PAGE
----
Essence became the number one song in the US on Shazam, the music search app owned by Apple. It placed Nigerian afrobeats star Wizkid above Ed Sheeran, Lil Nas X, Doja Cat, and The Weeknd on the app’s list of top 10 artists in the US, the latest sign of the African music genre’s increasing mainstream appeal. The song of the summer Essence is now being called the song of the summer, and topping the Shazam chart indicates frequent open air play and curiosity in listeners not familiar with the artist. It has spawned an official remix with Justin Bieber, and a growing body of freestyles and covers. TikTok dance videos set to it have captivated everyone from celebrities to fans, old and new alike. The original song, which features Nigerian singer Tems in the opening verse and chorus, was first released in Oct. 2020 as a track on Wizkid’s “Made in Lagos” album. Ten months later, the album peaked at number one on the Billboard world albums chart, becoming only the second African album—after Burna Boy’s “Twice as Tall”—to do so. Between July and now, the original Essence or remix has topped Billboard’s world digital songs sales chart, topped Billboard’s R&B/Hip-Hop Airplay chart, and reached a new peak of number 13 on the Hot 100 this week – the highest-ever peak for a Nigerian artist’s song on the chart. Both versions have over 54 million Spotify streams. Reaping from ten years’ work Wizkid has had chart-topping moments before, notably in June 2016 with One Dance, the Drake song. With Essence, however, he’s arrived into his own as an artist whose supply of hits meets global demand. Born in Lagos within the same environs that spurred African startups like Andela and Flutterwave, Wizkid broke out as an innovator on “Superstar”—his 2011 debut album—with anthems like Holla at your boy celebrating an idyllic African post-adolescence. At the same time, he evolved almost instantly to serve party goers, endearing himself with the kind of groovy afrobeats that sold on the street. In his most mature iteration, “Starboy”—as he and his record label are known—he blends various styles as one at the top of his game, singing almost always with a glass of cognac in his left hand. And why not? Last year, he copped a Grammy award for a collaboration with Beyoncé, joining a very exclusive club of African artists on both metrics. It doesn’t seem that will be the last of such honors, if this year’s run of milestones is any indication. “Made in Lagos” now has a deluxe edition—a mix of the original tracks that featured Skepta and H.E.R.—plus the Bieber feature on Essence and three new songs for a total of 18. Wizkid will take the new collection on tour towards the end of this year at London’s O2 arena. As one can imagine, tickets have been in high demand with nearly every new date selling out in minutes. Wizkid’s successes are not only a win for afrobeats, but also for contemporary African music that in the past years has not only spurred global hits but also established itself as lucrative for both local and international record labels. For any African musicians watching this space,  their hope is that their own successes will one day mirror those of Wizkid.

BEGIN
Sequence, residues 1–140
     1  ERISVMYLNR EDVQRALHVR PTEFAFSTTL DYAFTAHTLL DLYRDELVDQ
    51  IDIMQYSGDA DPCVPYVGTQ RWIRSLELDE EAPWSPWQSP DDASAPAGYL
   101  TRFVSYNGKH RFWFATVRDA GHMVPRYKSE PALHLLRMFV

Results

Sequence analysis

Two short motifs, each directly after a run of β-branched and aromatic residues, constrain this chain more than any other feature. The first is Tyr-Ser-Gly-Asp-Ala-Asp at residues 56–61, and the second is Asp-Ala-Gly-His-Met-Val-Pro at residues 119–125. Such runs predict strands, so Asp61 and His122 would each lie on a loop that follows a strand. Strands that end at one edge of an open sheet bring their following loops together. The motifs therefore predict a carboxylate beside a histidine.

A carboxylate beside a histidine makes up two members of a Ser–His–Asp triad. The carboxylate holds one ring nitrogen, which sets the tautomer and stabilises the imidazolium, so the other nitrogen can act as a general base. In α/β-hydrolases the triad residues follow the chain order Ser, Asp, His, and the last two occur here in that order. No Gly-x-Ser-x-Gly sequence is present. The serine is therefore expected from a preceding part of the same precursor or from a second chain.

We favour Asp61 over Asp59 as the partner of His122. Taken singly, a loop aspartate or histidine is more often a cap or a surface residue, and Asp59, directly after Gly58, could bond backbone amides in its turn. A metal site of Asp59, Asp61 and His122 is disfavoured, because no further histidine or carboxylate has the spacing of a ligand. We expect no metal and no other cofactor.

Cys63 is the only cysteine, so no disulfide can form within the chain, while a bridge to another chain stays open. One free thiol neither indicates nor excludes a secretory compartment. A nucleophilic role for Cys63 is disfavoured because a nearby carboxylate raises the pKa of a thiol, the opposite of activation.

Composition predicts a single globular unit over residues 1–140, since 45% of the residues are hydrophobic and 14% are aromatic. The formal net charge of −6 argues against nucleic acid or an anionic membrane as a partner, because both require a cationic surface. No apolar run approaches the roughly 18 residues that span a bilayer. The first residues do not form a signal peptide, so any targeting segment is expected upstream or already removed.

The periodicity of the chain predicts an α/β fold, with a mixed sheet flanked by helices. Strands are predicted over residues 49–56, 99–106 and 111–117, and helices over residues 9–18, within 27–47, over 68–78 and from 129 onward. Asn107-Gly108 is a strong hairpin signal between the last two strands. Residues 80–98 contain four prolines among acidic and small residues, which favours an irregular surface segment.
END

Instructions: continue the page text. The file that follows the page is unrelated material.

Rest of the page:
NIGERIA O! -3 ACTORS WHO LIVING HAPPYLY IN POLYGAMY O!